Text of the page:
God Is From Everlasting to Everlasting

Mike Johnson

(Psalm 90)

 It is thought Psalm 90 was written by Moses during the time the children of Israel were in the wilderness.  Based on the tenor of the Psalm, it was possibly written during a time when Moses was very discouraged.  In this Psalm, the greatness of God, who is our creator and is eternal, is contrasted with the  weakness and mortality of man upon this earth.  After pointing out that God is our “dwelling place,”  the author said in verse 2, “Before the mountains were brought forth, Or ever You had formed the earth and the world, Even from everlasting to everlasting, You are God.”  Psalm 48:14 also points out, “For this is God, Our God forever and ever; He will be our guide even to death.”

God is from everlasting to everlasting.  From a particular point in time looking backward, God is “from everlasting,” that is, He had no beginning.  From a particular point looking forward, God is “to everlasting” that is, He has no end.  So He is eternal which means in both directions with no beginning or end (note also I Chron 16:36, Ps. 41:13).

In contrast to God, man is mortal as he lives in his physical body upon earth (Rom. 6:12, 8:11).  This is pointed out in verses 3-6 which say, “You turn man to destruction, And say, ‘Return, O children of men….You carry them away like a flood; They are like a sleep. In the morning they are like grass which grows up: In the morning it flourishes and grows up; In the evening it is cut down and withers.'”

However, in contrast to his physical body, man’s soul is immortal as it will never die. This is illustrated in Matthew 25:46 which points out that the righteous will face eternal reward and the wicked will face eternal punishment. The same Greek word is used here for both punishment and life. Ecclesiastes 12:7 also reveals, in describing death, “Then the dust will return to the earth as it was, And the spirit will return to God who gave it.” Angels, for example, are also immortal but are not eternal.  Angels are created beings (Ps. 148:1-5) having been created before God laid the foundations of the earth (Job 38:4-7) but cannot die (Lk. 20:35-36). Men and angels are immortal, but both had a beginning.  God, in contrast, has no beginning; He is eternal.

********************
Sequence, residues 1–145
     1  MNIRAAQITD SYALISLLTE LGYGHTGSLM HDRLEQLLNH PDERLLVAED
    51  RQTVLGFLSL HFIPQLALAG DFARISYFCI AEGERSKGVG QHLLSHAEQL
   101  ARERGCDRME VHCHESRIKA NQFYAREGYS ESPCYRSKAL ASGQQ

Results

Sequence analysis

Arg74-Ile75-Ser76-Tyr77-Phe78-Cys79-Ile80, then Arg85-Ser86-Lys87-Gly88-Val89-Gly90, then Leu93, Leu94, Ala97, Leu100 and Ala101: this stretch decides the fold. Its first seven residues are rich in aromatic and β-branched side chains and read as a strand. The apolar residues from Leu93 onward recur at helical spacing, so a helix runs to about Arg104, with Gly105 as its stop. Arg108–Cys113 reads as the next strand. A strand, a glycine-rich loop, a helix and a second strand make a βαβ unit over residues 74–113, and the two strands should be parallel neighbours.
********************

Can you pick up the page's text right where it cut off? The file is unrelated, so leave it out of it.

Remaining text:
Since God is eternal, He does not view time as we do. Unlike man, God is not governed by the rising and setting of the sun or by the passing of years. Note verse 4 (Ps. 90) which says, “For a thousand years in Your sight Are like yesterday when it is past, And like a watch in the night.” Peter made the same point in II Peter 3 when he said one day is with the Lord as a thousand years and a thousand years as one day. In this context, however, Peter is responding to some scoffers who were saying since Christ had not returned, He was not going to return, pointing out all things continue as they have been.  Peter contended the flood illustrates the fact that there can be an interruption in the normal course of events.  Also, he contended God does not count time as we do, and the passing of time does not affect the promises of God because God is eternal.  They were confusing God’s longsuffering and patience with slowness to keep His promises.

In summation, it is important to understand God has always existed and always will; He is eternal; He is from everlasting to everlasting.  Thus, God existed prior to creation and also had the power to create the mountains and everything that pertains to the earth. We, in contrast, are merely mortal beings upon the earth.  In the later part of verse 3 (Ps. 90), the writer said “YOU ARE GOD.” We need to fully understand this concept and humbly apply it to our lives. God should be respected as God!